WB: I think the management of the Eurozone crisis was most effective – unfortunately, one might wish to add. Even the Greek Syriza government now is a champion of austerity and has, in terms of the contract that they signed with the European Union, been rather successful. Syriza I suppose has been one of the most successful austerity parties and governments in the context of Europe. It’s quite an amazing development, from anti-austerity protests to the enforcement of austerity in such an effective manner. Whether the EU is in an existential crisis or not, I don’t know. I mean, I’ve been through various histories of existential crises of the EU – nothing much seems to happen as a consequence. In fact, it progresses through crisis, and crisis is a means for its further development. The populist nationalists in Europe, of course, are a major force now and are contenders at least for the time being. What they propose, the leftists as well, the anti-imperialist left, is the return to the nation state, to a sort of democracy of the nation, a national democracy, or a nationalist democracy. What the argument forgets is that each of these democracies is viable only if it is able to compete on world market level, at world market prices, if its labour, as it were, can compete with Chinese labour, if that is a way of summarising this particular point. What the EU establishes is an institution and institutional pressure to enhance labour productivity in its various territorialised labour markets. To render them, as it were, capable of modernisation, innovation, increased labour productivity, increased division of labour – to go back to chapter one of Adam Smith – to make them viable as world market contenders. And, in fact, the integration of the respective working classes in Europe depends on the profitability or the profitable exploitation of its labour to meet world market standards. And the EU is the institution and is the means towards that end. Given that we are dealing with a capitalist society, that a capitalist society organises itself in that way – i.e. institutional means towards the ends of world market viable labour markets – is not really a surprise. And criticising that seems to be entirely misunderstanding what capitalism is about.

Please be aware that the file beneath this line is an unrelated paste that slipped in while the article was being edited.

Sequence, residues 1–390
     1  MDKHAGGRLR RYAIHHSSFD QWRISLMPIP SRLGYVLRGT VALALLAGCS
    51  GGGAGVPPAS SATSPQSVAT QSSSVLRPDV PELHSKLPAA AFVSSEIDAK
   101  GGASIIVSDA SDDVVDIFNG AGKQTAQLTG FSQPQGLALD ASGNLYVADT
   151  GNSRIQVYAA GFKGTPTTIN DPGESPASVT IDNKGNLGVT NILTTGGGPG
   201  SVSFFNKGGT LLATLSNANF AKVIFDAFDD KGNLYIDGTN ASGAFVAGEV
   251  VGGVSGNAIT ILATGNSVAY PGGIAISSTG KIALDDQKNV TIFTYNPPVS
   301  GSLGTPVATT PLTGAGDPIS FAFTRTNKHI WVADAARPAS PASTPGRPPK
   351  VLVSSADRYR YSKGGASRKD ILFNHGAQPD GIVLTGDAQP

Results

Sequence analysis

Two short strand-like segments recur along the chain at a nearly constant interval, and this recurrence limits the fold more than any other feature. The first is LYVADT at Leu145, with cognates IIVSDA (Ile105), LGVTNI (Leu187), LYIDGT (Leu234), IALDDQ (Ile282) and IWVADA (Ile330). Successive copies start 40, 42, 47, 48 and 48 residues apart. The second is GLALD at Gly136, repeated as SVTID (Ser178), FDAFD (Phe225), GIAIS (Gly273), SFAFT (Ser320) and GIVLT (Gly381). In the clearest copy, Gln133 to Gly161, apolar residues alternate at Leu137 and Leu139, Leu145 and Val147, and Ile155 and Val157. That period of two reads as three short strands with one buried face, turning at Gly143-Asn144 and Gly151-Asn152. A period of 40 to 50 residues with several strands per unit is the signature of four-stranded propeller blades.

AM: Speaking about this existential anxiety, that might or might not be there, the fact is that the desirability of the EU is questioned not only by the usual Eurosceptic suspects, the nationalist right, but also by the left. Recently we have heard calls for a Lexit, that is, a leftist social progressive exit from the EU. So, I would rephrase the question, is another Europe possible, as some European progressives suggest? Or is the EU bound to be ordoliberal? Can it be reformed – can it be more Keynesian, for instance?